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How to Create a Foolproof Sales Plan | Ideas, Challenges, and Goals
sales plan

Running a business without a sales plan is a recipe for disaster. If you’re anything like most small business owners and entrepreneurs, you’re winging it. That means taking your sales day by day – maybe with some vague goals in mind. 

The US President Dwight Eisenhower once said, “Plans are useless, but planning is essential.” Or, to paraphrase a similar quote: “No plan survives first contact with the customer.”

So, why bother creating a sales plan for your product-based business? The answer is to set your direction, not hammer out the details. Ask yourself, which areas do you want to drive your business from? What are you doing to achieve your goals? 

Unless you take the time to sit down and write out your plan, it’s a lot harder to grow the business and meet your objectives. 

In this article:

What is a Sales Plan?

what is a sales plan

Let’s cut any confusion: a sales plan is all about your objectives, high-level tactics, and obstacles. In your plan, you don’t fret over the details. Rather, you outline the major strategies and goals for you and your sales team. 

Common aspects to include:

  • Target sales figures
  • Key performance indicators (KPIs)
  • Defined sales channels
  • Detailed description of your target customers

That’s just for starters. Plans might not withstand reality; however, they’re a chance to brainstorm potential obstacles and challenges that might arise. Think about how you’d solve each challenge, the biggest impediments to growth, and any proactive steps you can take to keep your business on track. 

What Should Your Sales Plan Goals Be? 

Sales Plan Goals

The biggest part of a sales plan is a set of concrete goals. Forget wishy-washy objectives like “I’d like to sell more this year.” Targets aren’t abstract; they’re quantifiable.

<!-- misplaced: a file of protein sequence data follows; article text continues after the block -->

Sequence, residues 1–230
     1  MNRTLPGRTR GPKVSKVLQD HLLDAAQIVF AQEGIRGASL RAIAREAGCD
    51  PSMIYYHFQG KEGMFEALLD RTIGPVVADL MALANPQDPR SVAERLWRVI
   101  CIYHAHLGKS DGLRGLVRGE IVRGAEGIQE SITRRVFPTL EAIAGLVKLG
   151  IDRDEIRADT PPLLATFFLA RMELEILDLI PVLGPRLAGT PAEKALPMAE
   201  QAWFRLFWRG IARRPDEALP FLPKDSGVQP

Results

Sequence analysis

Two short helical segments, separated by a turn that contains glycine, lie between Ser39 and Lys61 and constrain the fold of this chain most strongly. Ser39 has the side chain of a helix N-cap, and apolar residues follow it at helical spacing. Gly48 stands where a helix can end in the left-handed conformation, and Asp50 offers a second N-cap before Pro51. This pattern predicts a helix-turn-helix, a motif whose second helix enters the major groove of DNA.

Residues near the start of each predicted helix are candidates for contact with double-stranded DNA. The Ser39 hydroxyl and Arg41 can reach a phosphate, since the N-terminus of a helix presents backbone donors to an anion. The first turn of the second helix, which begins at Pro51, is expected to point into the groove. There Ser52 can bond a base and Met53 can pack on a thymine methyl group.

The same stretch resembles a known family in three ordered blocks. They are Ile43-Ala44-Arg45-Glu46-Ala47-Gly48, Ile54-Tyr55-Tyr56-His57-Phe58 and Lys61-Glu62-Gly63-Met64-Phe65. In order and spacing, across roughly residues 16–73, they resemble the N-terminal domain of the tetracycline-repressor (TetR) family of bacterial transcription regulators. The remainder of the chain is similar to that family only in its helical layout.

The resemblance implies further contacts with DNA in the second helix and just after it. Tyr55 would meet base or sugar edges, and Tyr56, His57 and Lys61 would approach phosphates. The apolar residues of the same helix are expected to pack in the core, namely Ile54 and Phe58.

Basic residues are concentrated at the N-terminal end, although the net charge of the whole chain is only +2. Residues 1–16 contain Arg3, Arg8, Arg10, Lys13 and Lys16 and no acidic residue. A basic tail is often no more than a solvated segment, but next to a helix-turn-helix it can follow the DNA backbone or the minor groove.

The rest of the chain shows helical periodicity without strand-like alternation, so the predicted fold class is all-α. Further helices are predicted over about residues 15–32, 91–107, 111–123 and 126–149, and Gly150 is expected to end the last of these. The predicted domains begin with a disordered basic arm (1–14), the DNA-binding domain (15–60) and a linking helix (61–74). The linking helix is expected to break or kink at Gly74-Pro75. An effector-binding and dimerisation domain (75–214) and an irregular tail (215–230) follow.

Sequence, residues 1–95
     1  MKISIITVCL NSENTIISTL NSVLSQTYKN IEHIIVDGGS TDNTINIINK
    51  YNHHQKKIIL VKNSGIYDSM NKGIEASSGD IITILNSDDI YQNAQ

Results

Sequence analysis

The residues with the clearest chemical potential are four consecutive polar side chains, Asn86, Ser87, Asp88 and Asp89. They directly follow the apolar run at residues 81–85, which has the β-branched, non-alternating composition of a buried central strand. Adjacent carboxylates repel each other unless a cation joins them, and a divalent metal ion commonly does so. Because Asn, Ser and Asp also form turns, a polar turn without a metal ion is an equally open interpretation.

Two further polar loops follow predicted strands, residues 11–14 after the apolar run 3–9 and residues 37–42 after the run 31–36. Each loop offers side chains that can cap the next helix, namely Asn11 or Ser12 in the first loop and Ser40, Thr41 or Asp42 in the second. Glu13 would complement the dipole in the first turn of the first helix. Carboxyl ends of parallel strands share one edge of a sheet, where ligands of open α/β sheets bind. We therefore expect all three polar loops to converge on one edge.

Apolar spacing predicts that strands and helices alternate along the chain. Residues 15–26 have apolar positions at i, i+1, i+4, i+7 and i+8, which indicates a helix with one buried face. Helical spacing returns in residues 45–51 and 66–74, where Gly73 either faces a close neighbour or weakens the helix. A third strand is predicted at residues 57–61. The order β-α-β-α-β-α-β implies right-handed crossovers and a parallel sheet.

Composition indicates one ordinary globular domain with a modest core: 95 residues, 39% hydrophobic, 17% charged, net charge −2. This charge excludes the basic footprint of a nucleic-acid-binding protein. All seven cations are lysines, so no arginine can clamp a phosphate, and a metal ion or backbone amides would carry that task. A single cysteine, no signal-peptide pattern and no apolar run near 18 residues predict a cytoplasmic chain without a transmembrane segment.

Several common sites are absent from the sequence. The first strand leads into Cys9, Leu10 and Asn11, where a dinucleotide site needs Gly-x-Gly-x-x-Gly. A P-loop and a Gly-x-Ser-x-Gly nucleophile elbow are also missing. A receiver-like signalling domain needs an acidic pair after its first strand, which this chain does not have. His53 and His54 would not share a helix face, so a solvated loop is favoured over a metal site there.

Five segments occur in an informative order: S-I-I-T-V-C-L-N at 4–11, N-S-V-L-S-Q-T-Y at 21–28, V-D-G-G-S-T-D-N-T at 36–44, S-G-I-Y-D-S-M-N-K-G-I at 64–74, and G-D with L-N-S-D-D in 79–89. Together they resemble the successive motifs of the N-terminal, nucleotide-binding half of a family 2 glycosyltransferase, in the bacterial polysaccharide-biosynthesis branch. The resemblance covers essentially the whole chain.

Goal setting is a psychological mind field. If you go too low, you fail to accomplish your business’s potential. Too high, however, and your failure can demoralise you going forward. That being said, people are almost always capable of more than they expect.

Here’s a story: a salesperson is told by their mentor that, on average, they should be closing deals with 80% of the people who come to watch a talk. That became his benchmark, his goal. Initially, the salesperson was so far off it seemed impossible. But gradually, they refined their talk, tweaked their messaging, and tried every strategy under the sun (and in the book). Step by step, their success rate rose: 40%, 55%, then 65%. 

Shortly after, they spoke to their mentor. They’d achieved 65% but just couldn’t seem to close the final 15%. The mentor looked at them, astonished. “I meant 18%,” she said. 

Too often, our goals become limitations. That’s why setting goals isn’t a one-time deal; it’s continuous. Once you’ve achieved one set of goals, you set more. Constant feedback and constant reporting are critical. 

Fundamentally, your goals should be to:

  1. Set clear goals and objectives for your company
  2. Outline key performance indicators and benchmarks to measure success
  3. Provide strategic direction
  4. Details of individual roles and responsibilities

Common Hurdles in Sales Planning

Lack of Time and Effort

Sales Planning

Let’s be frank: the main reason small business owners don’t create a sales plan is they don’t see the point. People often say, “I don’t have the time.” But we make time for the things that are important; we clear our schedule. 

You need to change your mindset. It’s not really about the plan. It’s about sitting down and being realistic about what you can achieve, where you want to get those sales from, and where your business is heading right now. 

Of course, as someone once said to me, “If I don’t really try, then I won’t ever fail.” Setting goals is a risk – we risk failure. But you’re running a business; risk is part and parcel of the job. 

Superstitions and Fear of Target Setting

Sounds silly, right? But I bet you’re as guilty of it as everyone else. There’s a feeling that if you set your goals, you’re “tempting fate.” Again, this is the wrong mindset. Planning isn’t prophecy. You’re not trying to guess your exact sales figure in a year’s time, any more than Usain Bolt predicted his 100m Olympics Record before he ran the race.

The core problem is fear. Fear of failure. However, the reality is that without a clear plan, you’re doomed to fail; whatever your plan is, the results are likely to be better than without one. That’s the real success.